As for marketing, I think that would be the easy part. Did anyone catch the
Wisconsin Public Television program on sustainable agriculture? One of the
farmers was a truck farmer in the Milwaukee area. While he is not doing
greenhouse production, he and other market gardeners have created their own
farmers markets in inner city neighborhoods and are doing a thriving business.
University of Wisconsin-Madison Agronomy Department
>Date: Thu, 11 May 1995 12:52:35 -0400
>From: Kert@ewg.org (Kert Davies)
>Subject: Re: query: Greenhouses in Milwaukee?
>Yee of little faith. No rain on the parade today. There is a way. Use of
>waste energy from electric ultiities. Colorado Greenhouse tomatoes, in
>Fort Lupton, CO (303)857-1100 uses cooling water from a cogeneration plant
>to heat their greenhouses, providing a service to the utility by cooling
>off the water and meanwhile getting energy for free.
>There are other sources of excess heat, Philadelphia, for example, has an
>old steam plant that pumps steam throughout the city to heat buildings.
>CO greenhouse tomatoes produces and sells tomatoes nationwide (free of
>pesticides too by the way) year 'round. Call them up, speak to Mr.
>Bridgwater, the manager, who was very helpful and informative. Keep on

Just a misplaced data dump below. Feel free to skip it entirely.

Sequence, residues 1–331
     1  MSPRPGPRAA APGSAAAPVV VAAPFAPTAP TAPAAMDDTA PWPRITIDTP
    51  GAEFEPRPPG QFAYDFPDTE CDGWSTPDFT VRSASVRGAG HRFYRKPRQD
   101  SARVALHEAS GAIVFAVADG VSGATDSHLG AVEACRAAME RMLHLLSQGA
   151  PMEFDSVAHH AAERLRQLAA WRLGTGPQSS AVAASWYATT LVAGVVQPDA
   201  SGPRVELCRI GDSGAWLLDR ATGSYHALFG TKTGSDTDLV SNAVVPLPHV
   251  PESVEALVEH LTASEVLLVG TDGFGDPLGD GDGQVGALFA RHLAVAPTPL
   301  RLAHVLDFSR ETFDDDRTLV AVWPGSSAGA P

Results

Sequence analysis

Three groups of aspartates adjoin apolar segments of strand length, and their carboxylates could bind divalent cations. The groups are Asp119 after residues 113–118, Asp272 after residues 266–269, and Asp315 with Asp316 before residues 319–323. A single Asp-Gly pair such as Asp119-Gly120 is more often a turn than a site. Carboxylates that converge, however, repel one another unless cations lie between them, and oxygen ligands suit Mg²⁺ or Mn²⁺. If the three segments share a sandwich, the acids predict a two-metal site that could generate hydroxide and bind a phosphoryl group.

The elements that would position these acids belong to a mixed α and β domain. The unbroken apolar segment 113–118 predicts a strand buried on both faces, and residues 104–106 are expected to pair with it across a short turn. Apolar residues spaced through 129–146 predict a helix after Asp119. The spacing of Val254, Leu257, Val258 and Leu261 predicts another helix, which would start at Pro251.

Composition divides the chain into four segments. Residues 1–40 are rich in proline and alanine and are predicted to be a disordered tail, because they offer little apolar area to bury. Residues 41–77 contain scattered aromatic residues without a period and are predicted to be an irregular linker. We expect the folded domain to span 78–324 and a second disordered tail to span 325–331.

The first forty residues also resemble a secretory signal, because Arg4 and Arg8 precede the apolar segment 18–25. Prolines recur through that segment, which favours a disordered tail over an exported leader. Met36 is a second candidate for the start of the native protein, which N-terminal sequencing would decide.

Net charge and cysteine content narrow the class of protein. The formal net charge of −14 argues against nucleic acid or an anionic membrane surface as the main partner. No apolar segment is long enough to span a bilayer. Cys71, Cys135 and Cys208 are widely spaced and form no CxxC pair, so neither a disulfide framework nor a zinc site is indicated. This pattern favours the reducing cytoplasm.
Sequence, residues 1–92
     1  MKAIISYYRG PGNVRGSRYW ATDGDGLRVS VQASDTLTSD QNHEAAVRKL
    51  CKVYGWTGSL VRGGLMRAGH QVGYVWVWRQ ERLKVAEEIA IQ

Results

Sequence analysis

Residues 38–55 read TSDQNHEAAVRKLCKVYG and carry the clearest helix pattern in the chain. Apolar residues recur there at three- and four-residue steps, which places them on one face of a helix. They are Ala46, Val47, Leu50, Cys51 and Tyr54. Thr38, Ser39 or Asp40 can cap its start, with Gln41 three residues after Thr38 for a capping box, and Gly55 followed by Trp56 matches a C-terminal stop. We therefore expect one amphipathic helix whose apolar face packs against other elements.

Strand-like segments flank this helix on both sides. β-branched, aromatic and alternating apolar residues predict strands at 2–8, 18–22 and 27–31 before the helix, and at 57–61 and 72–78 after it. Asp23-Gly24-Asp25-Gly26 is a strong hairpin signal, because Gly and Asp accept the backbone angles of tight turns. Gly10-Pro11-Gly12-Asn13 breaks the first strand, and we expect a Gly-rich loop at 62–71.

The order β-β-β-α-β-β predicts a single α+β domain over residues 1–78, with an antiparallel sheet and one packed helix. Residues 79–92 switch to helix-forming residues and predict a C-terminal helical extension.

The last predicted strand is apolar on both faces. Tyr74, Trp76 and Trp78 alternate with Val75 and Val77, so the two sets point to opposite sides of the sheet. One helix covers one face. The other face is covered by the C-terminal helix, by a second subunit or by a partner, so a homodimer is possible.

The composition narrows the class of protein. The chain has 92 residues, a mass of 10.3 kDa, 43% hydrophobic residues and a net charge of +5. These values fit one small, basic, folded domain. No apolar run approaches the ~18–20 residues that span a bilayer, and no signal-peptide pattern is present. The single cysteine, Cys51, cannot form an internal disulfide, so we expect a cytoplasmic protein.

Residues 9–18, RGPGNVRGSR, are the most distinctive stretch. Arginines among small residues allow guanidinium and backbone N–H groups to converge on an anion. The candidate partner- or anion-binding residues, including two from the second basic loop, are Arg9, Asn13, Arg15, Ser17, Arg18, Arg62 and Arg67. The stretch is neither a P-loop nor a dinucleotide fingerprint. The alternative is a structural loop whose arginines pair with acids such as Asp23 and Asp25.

>this idea, I like it. Keep me on your E-mail list for updates on the
>>Re #1. Sorry to rain on the parade but I think it is likely that
>>the economics of hydroponic vegetable production mitigate against
>>this a viable urban development strategy. I could be mistaken
>>however. My serious reservations arise from several sources:
>>a) Hydroponic production requires a relatively high energy input
>>both in terms of direct energy to circulate nutrients and indirect
>>energy in terms of manufactured materials, as compared with non-hydroponic
>>b) Vegetable prices are relatively low especially in the warmer parts
>>of the year making return on investment low. At other times of the year
>>growth even in greenhouses is very slow because it is light limited.
>>Overcoming this limitation by artificial lighting then adds to the
>>In light of this I would suggest costing out the potential for
>>production of high value specialty crops such as flowers and ornamentals
>>(this can be year-round production to hit such busy seasons as
>>Easter and Christmas as well as summer yard plantings), as well as
>>production of fresh herbs. I would also suggest dispensing with
>>hydroponics in favor of soil-based production using organic greenhouse
>>On Mon, 8 May 1995, john hendrickson wrote:
>>> I am posting a query (actually two) for a person without Internet
>>> access. You can direct you responses to me.
>>> 1. Does anyone out there know anything about building and
>>> operating hydroponic greenhouses in an urban area? There is
>>> interest in Milwaukee, Wisconsin in renovating existing
>>> structures to produce vegetables for local consumption and
>>> thereby providing jobs and income for inner city
>>> 2. Does anyone have experience with *YEAR-ROUND, IN-DOOR*
>>> farmers' markets?
>>> Thank you in advance.
>>> John Hendrickson
>>> Center for Integrated Agricultural Systems
>>> University of Wisconsin-Madison
>>> (608) 265-3704